A busy surgical schedule requires a busy office schedule. So you will have to expect to spend the majority of your practice time in the office seeing patients. Even in a highly streamlined practice setting, with a referral stream from a primary eyecare base of optometrists feeding you cases, you will still be committed to substantial office time: true for retina, general, peds, plastics, glaucoma and even refractive. Every cataract case needs a preop visit (or two), and usually a one-day, one week and one month followup, and sometimes a three-month followup. So you can see that the numbers of office encounters is a significant multiple of the numbers of surgeries you do. Ophthalmologists typically do many more surgeries in a given day than do most general surgeons (scopes and simple breast biopsies excepted), so the office load is proportionally greater. A busy office schedule for a single doctor can exceed 50 patients a day. Doing that well requires trained support staff, which costs money. Office overhead is a significant cost to ophthalmology practice.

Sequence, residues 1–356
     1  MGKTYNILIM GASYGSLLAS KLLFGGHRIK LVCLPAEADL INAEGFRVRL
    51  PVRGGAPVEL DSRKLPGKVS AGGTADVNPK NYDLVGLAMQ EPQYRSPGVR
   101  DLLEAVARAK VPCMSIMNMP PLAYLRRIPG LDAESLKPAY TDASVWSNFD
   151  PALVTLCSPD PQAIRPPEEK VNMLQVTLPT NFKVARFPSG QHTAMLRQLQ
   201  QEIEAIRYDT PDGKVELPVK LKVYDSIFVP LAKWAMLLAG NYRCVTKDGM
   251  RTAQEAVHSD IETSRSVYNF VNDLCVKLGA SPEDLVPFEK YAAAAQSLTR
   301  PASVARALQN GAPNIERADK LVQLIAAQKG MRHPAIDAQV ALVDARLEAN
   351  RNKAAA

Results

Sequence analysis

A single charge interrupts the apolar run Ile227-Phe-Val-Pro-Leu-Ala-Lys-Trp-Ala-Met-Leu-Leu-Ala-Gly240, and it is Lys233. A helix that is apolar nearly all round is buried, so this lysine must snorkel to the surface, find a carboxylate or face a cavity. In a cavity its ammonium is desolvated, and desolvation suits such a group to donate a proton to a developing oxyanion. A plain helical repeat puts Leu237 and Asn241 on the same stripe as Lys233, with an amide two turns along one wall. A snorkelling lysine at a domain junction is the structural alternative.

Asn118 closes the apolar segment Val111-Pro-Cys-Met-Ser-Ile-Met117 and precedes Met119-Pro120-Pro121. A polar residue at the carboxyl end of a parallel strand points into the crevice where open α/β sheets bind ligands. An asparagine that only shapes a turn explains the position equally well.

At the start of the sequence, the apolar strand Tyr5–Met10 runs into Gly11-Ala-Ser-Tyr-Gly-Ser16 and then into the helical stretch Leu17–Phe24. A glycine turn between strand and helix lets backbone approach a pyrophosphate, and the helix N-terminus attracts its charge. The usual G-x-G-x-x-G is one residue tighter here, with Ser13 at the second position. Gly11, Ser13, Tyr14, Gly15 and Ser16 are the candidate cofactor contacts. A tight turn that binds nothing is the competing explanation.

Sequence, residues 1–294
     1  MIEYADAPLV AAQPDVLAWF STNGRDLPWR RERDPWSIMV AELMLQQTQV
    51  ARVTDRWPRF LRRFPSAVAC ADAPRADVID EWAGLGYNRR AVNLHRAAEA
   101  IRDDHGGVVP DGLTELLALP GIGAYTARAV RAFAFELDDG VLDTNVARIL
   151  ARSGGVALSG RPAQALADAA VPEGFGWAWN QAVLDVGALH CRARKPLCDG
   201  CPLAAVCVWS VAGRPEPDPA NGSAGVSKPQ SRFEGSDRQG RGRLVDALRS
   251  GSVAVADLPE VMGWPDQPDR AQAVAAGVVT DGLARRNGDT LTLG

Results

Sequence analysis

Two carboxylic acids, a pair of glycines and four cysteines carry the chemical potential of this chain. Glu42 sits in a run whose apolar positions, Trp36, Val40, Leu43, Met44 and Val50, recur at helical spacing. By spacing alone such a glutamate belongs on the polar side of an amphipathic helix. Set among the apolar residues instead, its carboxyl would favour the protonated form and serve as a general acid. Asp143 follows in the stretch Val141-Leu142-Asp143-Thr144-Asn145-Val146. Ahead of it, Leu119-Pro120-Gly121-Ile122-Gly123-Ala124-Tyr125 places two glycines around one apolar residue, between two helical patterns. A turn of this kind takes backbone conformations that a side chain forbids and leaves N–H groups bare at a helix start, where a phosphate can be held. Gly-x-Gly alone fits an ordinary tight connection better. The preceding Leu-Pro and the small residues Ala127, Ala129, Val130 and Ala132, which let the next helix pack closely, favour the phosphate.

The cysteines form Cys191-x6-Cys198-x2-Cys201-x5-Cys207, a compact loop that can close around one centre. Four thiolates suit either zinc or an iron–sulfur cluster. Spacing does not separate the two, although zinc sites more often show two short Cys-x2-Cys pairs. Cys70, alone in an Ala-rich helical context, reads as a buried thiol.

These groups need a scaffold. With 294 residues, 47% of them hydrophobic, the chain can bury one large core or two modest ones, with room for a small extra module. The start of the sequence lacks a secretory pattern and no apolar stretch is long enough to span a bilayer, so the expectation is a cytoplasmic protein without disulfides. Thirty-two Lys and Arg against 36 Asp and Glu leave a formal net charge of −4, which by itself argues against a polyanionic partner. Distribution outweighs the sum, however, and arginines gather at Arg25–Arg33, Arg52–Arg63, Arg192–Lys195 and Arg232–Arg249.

The hours are definitely easier, so is the call.

    Are patients grateful? Probably. Most are having scheduled procedures and are not seriously ill as are many general surgery patients. Cataract surgery still has a "wow" factor, although generally patient expectations have been steadily rising and in some places have reached nearly the level of those for refractive procedures. And this while reimbursement from Medicare for cataract extraction and lens implant has declined sharply. So stress is a little greater.
     

Share This Page